You might get better answers, incidentally, if you post a few links to the questions you're asking about specifically. I'm only speculating at this point because I have no frame of reference, but by how you've described it, those are the most likely reasons you're seeing downvotes/closures.

Edit: For further reading, real questions have answers.

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    +1 and in summary: Real questions have answers. – user8719 Nov 3 '14 at 19:16
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    @DarthSatan Adding this to the answer. Thank you. – Zibbobz Nov 3 '14 at 19:20
  • Curious. Though I don't oppose it, why the downvote? – Zibbobz Nov 4 '14 at 15:34
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If a question is downvoted but not closed that means it's unpopular, but not unfit for the site.

Some citizens of the site may feel it's worthy of downvoting for whatever reason (they think it's not useful, or poorly formatted, or they just had a bad hair day), but that's a risk we always take--we can either ask the questions we want or need to ask and let the votes fall where they may, or we can censor our posts according to what we think will get us the most reputation.

In my experience, trying to predict voting trends is more accurate than cross-referencing astrology with tarot to win the lottery--but not much more accurate. Ask questions within the site's guidelines and remember that downvotes shouldn't leave any lasting scars unless a disproportionate number of your posts are significantly downvoted.

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This site seems to have tow very distinct - and largely clustered - demographics.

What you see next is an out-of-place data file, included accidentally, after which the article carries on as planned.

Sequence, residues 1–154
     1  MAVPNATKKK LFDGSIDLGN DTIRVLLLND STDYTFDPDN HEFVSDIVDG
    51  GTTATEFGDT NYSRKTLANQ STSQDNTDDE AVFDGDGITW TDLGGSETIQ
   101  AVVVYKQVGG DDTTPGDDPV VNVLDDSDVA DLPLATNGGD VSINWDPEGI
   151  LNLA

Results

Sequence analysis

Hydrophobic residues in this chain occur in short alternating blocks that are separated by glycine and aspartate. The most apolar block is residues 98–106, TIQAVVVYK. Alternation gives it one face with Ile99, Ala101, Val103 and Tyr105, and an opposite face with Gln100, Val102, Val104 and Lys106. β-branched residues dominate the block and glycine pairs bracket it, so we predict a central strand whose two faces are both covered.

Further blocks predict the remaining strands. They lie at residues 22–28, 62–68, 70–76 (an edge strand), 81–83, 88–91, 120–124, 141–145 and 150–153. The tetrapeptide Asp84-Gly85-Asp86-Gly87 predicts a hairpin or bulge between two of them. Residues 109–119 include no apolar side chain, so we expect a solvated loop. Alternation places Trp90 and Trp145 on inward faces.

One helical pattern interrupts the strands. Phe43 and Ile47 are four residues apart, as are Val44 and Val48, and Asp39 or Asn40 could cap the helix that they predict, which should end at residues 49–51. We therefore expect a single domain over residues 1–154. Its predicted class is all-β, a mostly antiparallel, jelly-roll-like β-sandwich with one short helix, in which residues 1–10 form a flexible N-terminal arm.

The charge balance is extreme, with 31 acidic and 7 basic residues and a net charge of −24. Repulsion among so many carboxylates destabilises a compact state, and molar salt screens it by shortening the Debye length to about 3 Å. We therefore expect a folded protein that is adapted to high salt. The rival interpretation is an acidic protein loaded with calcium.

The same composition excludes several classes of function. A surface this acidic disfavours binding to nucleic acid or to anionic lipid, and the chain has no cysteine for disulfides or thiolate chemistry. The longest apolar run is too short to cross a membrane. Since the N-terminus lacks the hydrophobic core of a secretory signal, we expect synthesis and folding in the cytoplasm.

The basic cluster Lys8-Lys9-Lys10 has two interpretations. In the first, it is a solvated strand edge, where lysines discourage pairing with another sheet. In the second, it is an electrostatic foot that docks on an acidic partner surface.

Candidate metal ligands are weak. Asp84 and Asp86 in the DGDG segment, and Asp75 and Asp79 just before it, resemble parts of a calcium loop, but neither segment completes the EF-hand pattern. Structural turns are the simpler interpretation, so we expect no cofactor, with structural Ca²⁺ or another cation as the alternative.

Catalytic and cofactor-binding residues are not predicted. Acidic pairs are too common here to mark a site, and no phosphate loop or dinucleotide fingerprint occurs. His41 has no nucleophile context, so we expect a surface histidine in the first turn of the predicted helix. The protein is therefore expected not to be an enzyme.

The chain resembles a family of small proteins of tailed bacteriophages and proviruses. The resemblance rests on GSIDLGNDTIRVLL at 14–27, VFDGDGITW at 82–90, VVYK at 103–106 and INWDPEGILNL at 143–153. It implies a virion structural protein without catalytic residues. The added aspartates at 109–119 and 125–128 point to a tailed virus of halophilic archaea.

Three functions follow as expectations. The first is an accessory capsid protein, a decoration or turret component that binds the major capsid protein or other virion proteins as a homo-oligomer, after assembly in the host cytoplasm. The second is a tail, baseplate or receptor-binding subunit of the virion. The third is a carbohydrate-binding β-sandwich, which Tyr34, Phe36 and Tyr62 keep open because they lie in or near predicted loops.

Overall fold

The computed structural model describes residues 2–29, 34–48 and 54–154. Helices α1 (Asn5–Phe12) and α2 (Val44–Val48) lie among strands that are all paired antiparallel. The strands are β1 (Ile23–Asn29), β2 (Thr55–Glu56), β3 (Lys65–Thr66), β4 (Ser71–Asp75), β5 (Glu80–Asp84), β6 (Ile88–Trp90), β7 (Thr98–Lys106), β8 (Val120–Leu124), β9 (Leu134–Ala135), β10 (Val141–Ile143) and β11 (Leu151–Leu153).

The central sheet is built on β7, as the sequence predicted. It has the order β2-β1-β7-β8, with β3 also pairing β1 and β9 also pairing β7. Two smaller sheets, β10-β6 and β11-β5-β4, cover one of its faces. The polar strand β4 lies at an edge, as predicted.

One is people who like "overthinking" questions, and moreover, think that such questions are an important part of the site's attraction.

One is people who don't like/get such questions and want to burn them with fire.

Without splitting the site into two, I fear that this divide is irreconcilable, unless and until the second group grows up, and learns to live and let live, and NOT close/DV questions that aren't actually bad for the site and merely not interesting to them personally.

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    I don't think the distinction is as binary as you describe here. – user8719 Nov 3 '14 at 19:14
  • I must admit that I genuinely enjoy the "puzzle it out" questions. This is a perfect case in point. I'm fairly sure my answer is entirely b*llshit but it pleased me no end to dig deep into the canon to find a workable solution to the question; scifi.stackexchange.com/questions/67169/… – Valorum Nov 4 '14 at 10:22
  • I also don't find it as black and white as you. I like questions that really make me dig into canon and hunt around for a correct answer. I've never thought of myself as a site attraction in and of myself and I haven't heard anyone else express that opinion about themselves. Do you mean to say that User A thinks he/she is "all that" and believes that other users come to SFF.se with the distinct goal of tracking User A's questions, answers, and stats? I don't know if I get that vibe here. In fact, I think I can safely say I do not. Did I interpret what you said correctly, though? :) – Slytherincess Nov 8 '14 at 1:19
  • @Slytherincess - no, you didn't interpret it correctly. "they" in my second paragraph referred to "overthinking" questions, not to people. Edited to clarify :) – DVK-on-Ahch-To Nov 10 '14 at 2:33